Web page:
period for those monuments Protection
Property in the Event of territories. The recom-
Shortly after the Old City was satisfied that the "ex-
and institutions of the Old Armed Conflict, signed by mendation was prompted
was recaptured by Israel on cavations of Prof. Mazar do
City that represented the the member-states of by fears lest, should exca-
June 7, 1967, consideration not threathen the Mosque
memories and aspirations of UNESCO in 1954. vations happen to turn up
was given by Israeli authori- quarter of Jerusalem,-which
its Je vs.
This agreement, intended real treasures, these might
ties to initiating restoration is unique in the world."
Within a matter of to protect cultural treasures
expropriated by the oc-
work and archeological ex- On the second matter, too,
months, the face of theJew- from acts of war, stipulates • be
cupying power.
cavations in certain areas. he rejected Jordan's view.
ish Quarter was wholly
Within a short time, the fol- Apparently Jordan had ex-
tranformed. Fifty-eight
lowing works were under- pressed objections to plans
synagogues and yeshivot in
taken:
to rehabilitate the Jewish
it were destroyed, their in-
• Debris was cleared from Quarter, fearing that the
teriors plundered, their
the Western Wall, expos- intention of the Israeli gov-
Ncrolls of the Law and
ing two additional rows of ernment was to demolish
hooks stolen.or burned.
its ashlars. A wide square this part of the city. Writes
along them was the Hurva
in front was cleared and Reinink:
synagogue, most magnifi-
paved. In the course of this
". . . I am convinced that
cent of the Ashkenazi syn-
work, a group of Muslim this is not at all the inten-
agogues in the Old City.
dwellings known as 'the tion of the Israeli authori-
The Jewish cemetery on
Abu Saud houses' was de- ties. On the contrary, they
the Mount of Olives — the
molished, and the occu- wish to restore this part of
largest and-oldest Jewish
pants were relocated.
the town, which Fras been
graveyard in the world, a
• Operations to remove de- greatly neglected in the
sanctuary that dates back to
kris from chambers near past, and to make it look as
biblical times—fell victim
the Western Wall were be- it used to do."
to the same expression of
gun by the Ministry of Reli-
It might be noted here
violence.
gious Affairs.
that responsibility for reli-
Of 50,000 tombstones,
• A department was estab- gious and cultural prop-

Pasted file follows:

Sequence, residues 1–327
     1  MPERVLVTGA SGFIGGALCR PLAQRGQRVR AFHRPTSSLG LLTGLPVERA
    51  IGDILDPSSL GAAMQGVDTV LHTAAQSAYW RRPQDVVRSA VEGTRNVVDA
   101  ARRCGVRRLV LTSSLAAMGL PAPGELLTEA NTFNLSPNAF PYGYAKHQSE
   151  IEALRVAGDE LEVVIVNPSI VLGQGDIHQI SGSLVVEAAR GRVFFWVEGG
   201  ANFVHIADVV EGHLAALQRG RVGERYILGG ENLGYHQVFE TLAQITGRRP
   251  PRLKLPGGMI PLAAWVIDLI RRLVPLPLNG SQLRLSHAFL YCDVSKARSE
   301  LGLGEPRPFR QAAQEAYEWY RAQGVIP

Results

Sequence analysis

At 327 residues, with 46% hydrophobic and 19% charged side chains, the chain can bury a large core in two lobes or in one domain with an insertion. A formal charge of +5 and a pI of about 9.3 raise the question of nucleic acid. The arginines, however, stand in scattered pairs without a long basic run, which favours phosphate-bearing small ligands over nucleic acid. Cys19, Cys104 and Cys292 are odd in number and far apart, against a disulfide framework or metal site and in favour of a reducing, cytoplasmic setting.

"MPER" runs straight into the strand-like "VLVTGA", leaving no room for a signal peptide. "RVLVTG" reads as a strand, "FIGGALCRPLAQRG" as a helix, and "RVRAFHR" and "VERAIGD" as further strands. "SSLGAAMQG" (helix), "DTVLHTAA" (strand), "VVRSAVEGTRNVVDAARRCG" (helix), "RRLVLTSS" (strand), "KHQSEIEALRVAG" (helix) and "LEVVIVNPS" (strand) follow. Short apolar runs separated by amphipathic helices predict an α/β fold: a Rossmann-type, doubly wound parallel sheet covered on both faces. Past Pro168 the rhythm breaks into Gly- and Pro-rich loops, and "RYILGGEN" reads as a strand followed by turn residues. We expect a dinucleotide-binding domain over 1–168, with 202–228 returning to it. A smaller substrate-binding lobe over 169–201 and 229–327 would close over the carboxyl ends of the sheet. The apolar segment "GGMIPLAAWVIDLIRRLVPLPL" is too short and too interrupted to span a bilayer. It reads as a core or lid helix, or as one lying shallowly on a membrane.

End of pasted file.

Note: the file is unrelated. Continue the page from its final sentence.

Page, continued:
some 38,000 were shattered
lished in the Prime Minis- erty in Jerusalem has,
or taken away to be used,
ter's Office to plan recon- since the 1850s, been
among other sacrilegious
struction in the Jewish vested in the authorities of
purposes, -in the structures
Quarter. _Archeological, the community to which it
of military bun-kers, bar-
historical and architectural belongs. This policy is en-
- rack latrines, and private
studies were begun at once, unciated in an Ottoman
dwellings.
as well as work of restora- firman of 1852, which has
4 ,,
There is evidence that the
The renovated wing of the Ben-Zakkai Synagogue
tion in the sourhern part of never been rescined.
destruction of the cemetery in the Old. City- of Jerusalem,
the Quarter. In conjunction
Thus restoration work in

-

,



the Seq el-Qattani is carried
out by the Waqf. the Mus-
lim Religious Council. Like-
wise, three Christian com-
munities are presently
renovating the Church of
the Holy Sepulchre.
Charges over the years by
Jordan were refuted hv
Prof. Lemaire's report.:
in July 1974, UNES(.. --.. 6
executive board cited Israel
with non-compliance with
the conventions and cited
Lemaire's report in support.
This was the step that led
to the resolution of Nov. 20,
1974.

The decision did not re-
quest the Director-Gen-
eral to make a report to the
General Conference, a fact
which evidently surprised
him. On his own initiative,
he submitted a brief fac-
tual report pointing out
that the matter had been
examined on several occa-
sions by his own personal
representatives.

The question came before
Commission III of the Gen-
eral Conference at UNESCO
in October 1974. At that
time, a draft of the resolu-
tion of Nov. 20 was pre-
sented by 34 countries rep-
resenting an Arab-
Communist bloc.
Though brief, the draft
represents a summary of all
_of the claims and arguments
that appear in the earlier
decisions of the executive
board.

In the opening para-
graphs, it states that the
General Conference is act-
ing out of concern for cul-
tural property in the Old
City of Jerusalem, on ac-
count of its "exceptional
importance . . . to all hu-
manity." It then cites the
entire series of decisions of
the executive board since
1968, charging Israel with
non-compliance with the
Convention.

Concluding from this
that Israel "defies will-
fully the world conscience
and the international com-
munity," the resolution
"condems Israel for . . .
its persistence in altering
the historical features of
the city of Jerusalem and
by undertaking excava-
tions which constitute a
danger to its
In conclusion, it calls Oh
the Director-General to
withhold funds from Is-
rael.

When debate opened on
this measure in the Corn-
mission, many of the old
charges that had been re-
jected -repeatedly in the Di-
rector-General's reports
were revived!- In addition, a
new note was struck by a
number of delegates, one so
tendentious as to abandon
even the pretense of concern
for antiquities.

Adoption of -ihe resolu-
tion was urged, by these de-.
legates, as a response to
"the danger which Zionism
— as distinct from the Jew
ish religion = constituted."